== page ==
"A Canon Powershot?" I asked.

     "Yes, that's right."

And now
     "The last photos on the camera would be of some of your Christmas trees."

     "You've got it," the woman replied. "I can't mail it to you, but you can come by and pick it up anytime. We're open every day."

     And so yesterday B and I drove up to the Christmas tree farm, picked up my camera, drank another cup of cider, and stopped at the mall on the way home. We were in a very generous mood and so we bought lots of presents. (Besides, this year at least, everything is on sale.) We wanted to pass on our good fortune to our loved ones.

    

Wednesday, December 16, 2015

I am NOT Bald!

     We have a running controversy in our household. For some strange reason, B has developed this crazy theory -- based on false assumptions, unsubstantiated observations and non-peer-reviewed research -- that I am getting bald.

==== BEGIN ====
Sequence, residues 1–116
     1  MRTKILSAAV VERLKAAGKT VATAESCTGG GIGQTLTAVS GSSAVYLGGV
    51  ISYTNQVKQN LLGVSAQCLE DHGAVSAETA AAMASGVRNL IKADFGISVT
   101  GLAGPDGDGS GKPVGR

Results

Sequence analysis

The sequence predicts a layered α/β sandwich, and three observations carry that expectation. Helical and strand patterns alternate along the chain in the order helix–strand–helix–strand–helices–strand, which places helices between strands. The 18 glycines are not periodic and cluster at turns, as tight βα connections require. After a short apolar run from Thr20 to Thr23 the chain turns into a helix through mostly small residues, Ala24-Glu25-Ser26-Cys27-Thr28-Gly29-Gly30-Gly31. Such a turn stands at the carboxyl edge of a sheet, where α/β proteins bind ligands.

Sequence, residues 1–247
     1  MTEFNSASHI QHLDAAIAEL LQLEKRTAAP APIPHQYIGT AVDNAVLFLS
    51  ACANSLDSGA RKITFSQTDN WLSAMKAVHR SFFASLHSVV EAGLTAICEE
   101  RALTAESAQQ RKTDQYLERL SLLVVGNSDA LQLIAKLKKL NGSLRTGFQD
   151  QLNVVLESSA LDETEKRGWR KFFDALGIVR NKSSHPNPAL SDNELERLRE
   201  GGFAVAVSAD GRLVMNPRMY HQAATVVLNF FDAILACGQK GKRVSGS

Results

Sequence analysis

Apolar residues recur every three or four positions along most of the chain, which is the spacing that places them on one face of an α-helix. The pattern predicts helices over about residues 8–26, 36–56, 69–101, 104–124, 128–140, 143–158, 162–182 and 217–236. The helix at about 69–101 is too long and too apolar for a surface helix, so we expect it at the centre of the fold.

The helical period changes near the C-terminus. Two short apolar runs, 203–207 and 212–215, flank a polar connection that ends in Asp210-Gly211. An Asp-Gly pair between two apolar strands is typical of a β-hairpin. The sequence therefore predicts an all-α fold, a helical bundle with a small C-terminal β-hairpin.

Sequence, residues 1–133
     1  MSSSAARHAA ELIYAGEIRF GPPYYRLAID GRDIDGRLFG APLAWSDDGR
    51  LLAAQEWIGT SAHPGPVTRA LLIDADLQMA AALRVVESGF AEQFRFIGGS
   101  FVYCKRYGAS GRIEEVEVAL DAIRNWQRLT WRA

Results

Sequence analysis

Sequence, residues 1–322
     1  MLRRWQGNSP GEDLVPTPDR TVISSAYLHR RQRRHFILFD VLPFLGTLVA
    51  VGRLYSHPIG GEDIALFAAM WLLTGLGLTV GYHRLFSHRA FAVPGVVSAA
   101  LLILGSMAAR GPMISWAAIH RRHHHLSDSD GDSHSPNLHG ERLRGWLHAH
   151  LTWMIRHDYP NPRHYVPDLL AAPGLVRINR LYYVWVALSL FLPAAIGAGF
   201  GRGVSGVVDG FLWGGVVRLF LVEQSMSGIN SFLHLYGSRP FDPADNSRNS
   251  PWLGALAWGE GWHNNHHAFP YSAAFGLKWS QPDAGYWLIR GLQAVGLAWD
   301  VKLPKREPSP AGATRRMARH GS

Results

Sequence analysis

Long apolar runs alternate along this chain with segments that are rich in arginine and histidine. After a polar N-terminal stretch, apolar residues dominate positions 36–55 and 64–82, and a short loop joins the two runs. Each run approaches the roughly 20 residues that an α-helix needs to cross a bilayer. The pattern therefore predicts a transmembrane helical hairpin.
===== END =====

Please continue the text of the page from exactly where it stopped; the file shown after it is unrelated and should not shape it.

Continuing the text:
I mean, it's just so obvious that she's wrong. I look in the mirror and what do I see? Hair! And if I look in the mirror, quickly, right after I get out of the shower and it's still wet, the hair doesn't even look all that gray. In fact, it looks pretty dark.

     Okay, after my hair gets dry, I'll admit, it's pretty gray. Even white. It's hard to tell. So let's just call it . . . silver.

     But there's still plenty of it, at least when I look at it from the front.

     There is one thing that puzzles me though. My forehead is bigger than it used to be. I figure it must be an optical illusion.